Even though the Spanish may have possessed certain military advantages, most scholars believe that conquest was greatly facilitated by epidemic disease and political conflicts within the Inca Empire that weakened native resistance. In 1525, smallpox arrived in the Andes ahead of the Spanish, probably through native trade networks. This resulted in high mortality, because the Incas lacked immunity to Old World diseases. It was also the cause of the death of the Inca emperor Huayna Capac, which precipitated a dynastic war between his sons, Huascar and Atahualpa. This war was raging when the Spanish arrived.
Spanish rule brought major transformations to native economies and societies. The Spanish sought wealth, primarily from mining gold and silver, and they attempted to convert native Andeans to Christianity. During this process they congregated the Indians into new towns, subjected them to tribute and forced labor, and usurped their lands. Due to epidemic disease, conquest, and changes to native societies, by 1620 the population of Peru alone had fallen from approximately 9 million in 1532 to only about 670,000.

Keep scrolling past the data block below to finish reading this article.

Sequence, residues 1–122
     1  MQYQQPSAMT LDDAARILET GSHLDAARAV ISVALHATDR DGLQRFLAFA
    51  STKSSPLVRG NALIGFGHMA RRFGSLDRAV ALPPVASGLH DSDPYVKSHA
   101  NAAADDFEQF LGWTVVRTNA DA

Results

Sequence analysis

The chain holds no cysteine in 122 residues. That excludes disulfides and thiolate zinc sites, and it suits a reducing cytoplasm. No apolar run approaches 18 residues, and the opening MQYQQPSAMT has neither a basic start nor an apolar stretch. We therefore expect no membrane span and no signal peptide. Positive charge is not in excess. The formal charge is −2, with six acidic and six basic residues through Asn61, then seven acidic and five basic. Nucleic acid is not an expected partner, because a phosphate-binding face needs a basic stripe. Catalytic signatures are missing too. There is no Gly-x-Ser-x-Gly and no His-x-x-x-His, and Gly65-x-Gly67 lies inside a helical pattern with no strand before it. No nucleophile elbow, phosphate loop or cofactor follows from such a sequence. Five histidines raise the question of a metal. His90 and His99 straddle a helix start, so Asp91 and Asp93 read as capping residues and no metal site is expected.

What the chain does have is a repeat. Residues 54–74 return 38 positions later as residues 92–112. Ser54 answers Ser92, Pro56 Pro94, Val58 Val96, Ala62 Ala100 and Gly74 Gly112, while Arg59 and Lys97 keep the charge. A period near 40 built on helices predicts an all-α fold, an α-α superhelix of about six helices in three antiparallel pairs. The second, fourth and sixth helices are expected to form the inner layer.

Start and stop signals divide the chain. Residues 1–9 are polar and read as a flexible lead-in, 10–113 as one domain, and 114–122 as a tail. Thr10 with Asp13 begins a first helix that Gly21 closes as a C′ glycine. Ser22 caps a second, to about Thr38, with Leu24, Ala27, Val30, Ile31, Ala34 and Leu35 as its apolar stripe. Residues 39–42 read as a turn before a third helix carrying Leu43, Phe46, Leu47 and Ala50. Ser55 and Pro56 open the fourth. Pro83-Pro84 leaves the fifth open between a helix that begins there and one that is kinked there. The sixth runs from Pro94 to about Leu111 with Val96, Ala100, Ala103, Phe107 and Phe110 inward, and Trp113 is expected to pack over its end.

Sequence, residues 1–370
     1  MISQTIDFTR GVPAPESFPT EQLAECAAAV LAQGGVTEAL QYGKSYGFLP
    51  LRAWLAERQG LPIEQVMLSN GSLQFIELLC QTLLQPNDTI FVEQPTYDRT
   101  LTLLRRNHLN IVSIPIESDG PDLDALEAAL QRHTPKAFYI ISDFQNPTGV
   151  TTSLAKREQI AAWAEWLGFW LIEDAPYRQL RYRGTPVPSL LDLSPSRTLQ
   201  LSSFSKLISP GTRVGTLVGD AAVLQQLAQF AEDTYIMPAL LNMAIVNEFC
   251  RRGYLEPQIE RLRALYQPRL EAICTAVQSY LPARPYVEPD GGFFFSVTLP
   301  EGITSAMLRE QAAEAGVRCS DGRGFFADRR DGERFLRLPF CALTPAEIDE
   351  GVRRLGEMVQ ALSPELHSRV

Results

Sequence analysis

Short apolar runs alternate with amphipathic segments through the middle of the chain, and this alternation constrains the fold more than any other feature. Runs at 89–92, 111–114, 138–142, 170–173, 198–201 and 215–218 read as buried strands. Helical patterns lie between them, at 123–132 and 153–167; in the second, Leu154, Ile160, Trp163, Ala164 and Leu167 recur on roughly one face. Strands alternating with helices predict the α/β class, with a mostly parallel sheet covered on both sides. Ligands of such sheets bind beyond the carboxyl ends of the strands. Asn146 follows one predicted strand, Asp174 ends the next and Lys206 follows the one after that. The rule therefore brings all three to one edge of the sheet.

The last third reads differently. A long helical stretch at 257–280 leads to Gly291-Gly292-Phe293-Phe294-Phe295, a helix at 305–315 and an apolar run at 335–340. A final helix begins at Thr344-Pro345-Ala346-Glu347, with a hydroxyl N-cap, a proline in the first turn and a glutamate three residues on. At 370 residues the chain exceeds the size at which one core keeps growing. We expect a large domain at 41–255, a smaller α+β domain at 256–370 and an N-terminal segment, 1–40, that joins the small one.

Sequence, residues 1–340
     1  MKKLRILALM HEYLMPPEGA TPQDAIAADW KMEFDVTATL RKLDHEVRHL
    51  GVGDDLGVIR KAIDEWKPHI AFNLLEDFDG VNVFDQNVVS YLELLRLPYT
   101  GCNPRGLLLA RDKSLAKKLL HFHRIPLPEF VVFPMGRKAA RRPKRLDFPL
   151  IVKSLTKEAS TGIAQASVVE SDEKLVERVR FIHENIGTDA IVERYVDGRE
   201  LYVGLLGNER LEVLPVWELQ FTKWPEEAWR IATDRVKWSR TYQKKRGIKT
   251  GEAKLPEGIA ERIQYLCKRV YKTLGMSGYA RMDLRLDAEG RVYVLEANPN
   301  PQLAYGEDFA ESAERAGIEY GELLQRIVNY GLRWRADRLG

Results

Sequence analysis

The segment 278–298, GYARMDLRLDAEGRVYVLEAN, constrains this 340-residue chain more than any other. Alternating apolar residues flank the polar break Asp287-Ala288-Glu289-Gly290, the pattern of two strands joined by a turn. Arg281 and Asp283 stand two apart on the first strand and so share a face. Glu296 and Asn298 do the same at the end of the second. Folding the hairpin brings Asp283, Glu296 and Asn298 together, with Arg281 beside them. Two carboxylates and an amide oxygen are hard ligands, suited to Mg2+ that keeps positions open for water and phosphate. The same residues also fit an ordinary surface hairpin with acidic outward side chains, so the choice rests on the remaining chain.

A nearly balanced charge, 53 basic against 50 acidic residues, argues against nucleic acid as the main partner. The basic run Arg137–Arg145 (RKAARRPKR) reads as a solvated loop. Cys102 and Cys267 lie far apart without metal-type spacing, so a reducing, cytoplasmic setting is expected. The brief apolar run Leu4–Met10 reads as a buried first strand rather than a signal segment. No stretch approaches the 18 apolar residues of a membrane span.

Some people argue that even without the Spanish arrival, the Inca Empire would have collapsed. Its continued expansion depended on a supply of gifts to satisfy subjugated lords and reward those who had taken part in military campaigns. The burden of supplying goods and soldiers increasingly undermined native production and the power of native lords, straining their loyalty to the Inca cause. Indeed, some local groups even became Spanish allies. When the Spanish arrived, the Inca Empire had clearly become overextended.
SEE ALSO Indigenous Peoples; Peru
D'Altroy, Terence N. (2002) The Incas. Oxford: Blackwell Publishers.
Guilmartin, John F., Jr. (1991) "The Cutting Edge: An Analysis of the Spanish Invasion and Overthrow of the Inca Empire, 1532539." In Transatlantic Encounters: Europeans and Andeans in the Sixteenth Century, ed. Kenneth J. Andrien and Rolena Adorno. Berkeley: University of California Press.
Kendall, Ann (1973) Everyday Life of the Incas. New York: Dorset Press.
Rostworowski, María, and Craig Morris (1999). "The Fourfold Domain: Inka Power and Its Social
Linda A. Newson